Oct 5, 2022 • 4M

Folding In 34-If not this, what else?

daring to choose the howl of joy.

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My life, until this point, has been innocently dedicated to collecting needless things. I have been carrying a bag on my shoulder, filled with what I thought belonged to me—my beliefs, the unforgiven and unforgotten haunted past, my hard-won victories, and the stories I have relied on to make sense of things. One month before my 40th birthday, and right on time, I found a hole in the bottom of the bag. Everything I have held as absolute truth, the stories that have made me who I thought I was, are gone. My memories are unreliable, and I can't seem to hold space for them any longer. I see I have been filling a bag, and everything has fallen out. I am empty, it turns out, always have been, but seeing it more clearly than ever, I feel my knees buckle under me as my familiar touch points are strewn over a vast expanse of open land. Wobbling on new legs, I hear a question rising from some guttural place:

"If not this, what else?"

I know how to suffer beautifully and love unconditionally, some of what I live. I know what I dislike and what causes me discomfort. I know all the names of the fears I hope never to encounter. I know the stories that send me into a trance of endless, looping conversations by heart. But when the carousel stops and I am no longer on the spinning ride, I realize how briefly I venture outside what I think I know. It's unnerving, in some way, to sit in my open heart—the quiet observer and lover of its life and to stop my violence and war against what comes or doesn't come. Perhaps unnerving is better said as unfamiliar. So, comfort seeks comfort, and the being, out of habit and ignorance, picks the bag back up and slings it over the shoulder, resuming the only road it knows. It's an inherited direction. It's our great grandfathers and great grandmothers, and as the loyal ones, we follow the worn footpath in front of us mindlessly. Meanwhile, joy calls, like a howling wolf off in the distant mountain. We can't mind it because we think we risk losing everything we have.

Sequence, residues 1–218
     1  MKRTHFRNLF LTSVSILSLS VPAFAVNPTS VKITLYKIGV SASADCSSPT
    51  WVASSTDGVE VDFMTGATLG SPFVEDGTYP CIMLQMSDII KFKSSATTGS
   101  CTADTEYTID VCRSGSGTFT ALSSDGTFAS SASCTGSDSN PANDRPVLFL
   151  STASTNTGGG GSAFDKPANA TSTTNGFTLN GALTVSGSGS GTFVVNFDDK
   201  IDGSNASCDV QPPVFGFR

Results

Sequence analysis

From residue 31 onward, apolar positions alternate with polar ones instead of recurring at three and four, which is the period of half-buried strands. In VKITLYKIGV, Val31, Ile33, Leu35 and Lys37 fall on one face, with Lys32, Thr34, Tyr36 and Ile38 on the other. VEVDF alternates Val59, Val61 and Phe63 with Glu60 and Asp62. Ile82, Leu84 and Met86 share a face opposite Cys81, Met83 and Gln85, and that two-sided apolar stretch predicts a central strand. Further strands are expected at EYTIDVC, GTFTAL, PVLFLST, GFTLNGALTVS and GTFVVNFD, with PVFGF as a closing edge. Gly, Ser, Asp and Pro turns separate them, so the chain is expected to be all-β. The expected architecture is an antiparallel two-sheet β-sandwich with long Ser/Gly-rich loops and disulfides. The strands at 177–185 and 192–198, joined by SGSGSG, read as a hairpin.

Sitting in the middle of a raucous restaurant in Vancouver, I asked my 12-year-old niece what she thought of the city. She grew up on an acreage in a small rural town, and visits to a bustling city were rare. She leaned across the table and answered quickly, as if already loaded with an automated response, "I think the city is loud, chaotic and stressful." I smiled, leaned in a little closer, and asked, "Who's answer was that? Yours or your parents?" She grinned at me, hunched in closer as if hiding from her voice, and added, "I think it's fun. I love how everyone is so alive and animated." Dutifully, she held her parent's opinion of the world, and then, upon deeper inquiry, she found her own.

I was sitting with one of the sweetest little girls; she has an incredibly nurturing spirit. I've known her since she was a baby, and her instinct has been to care for everything. She runs to the crying and hurt and does what she can to help soothe what is in need. This time though, I noticed something different. I had a grain of dirt in my eye and was complaining about it, trying to get it out, and she looked at me and said, "toughen up." She was even using a different voice than hers, a gruff, throaty one, very distant from her melodic tone. Stunned, I sat there, sad, for I knew those words weren't hers. They were learned, adopted from someone else's mind, and now, she innocently carried them as hers. I wonder how long she will live under their spell and hold them in her bag, on her back. I wonder how long she will believe she must be tough when hurting.

My father-in-law told me his father lost hearing in his right ear, and he and his brother have now lost their hearing in the same ear. All three of them, necks crooked, straining to listen from the same side. My grandfather stopped being able to walk, mysteriously, at 74 years old. My dad, now 74, is nursing gout and curious pain in his feet and ankles. My grandmother endured 45 surgeries during her lifetime. She was looking for a cure for the pain that no doctor could help. My body aches in the same places. I'm treating mine how she didn't know how— by inquiring to the root of the irritation and thoughts preceding them. There is no way of knowing if these examples are coincidences or genetic predispositions, but it's worth considering what else they could be pointing to. Maybe we have not discovered our identity beyond our inherited view of life.

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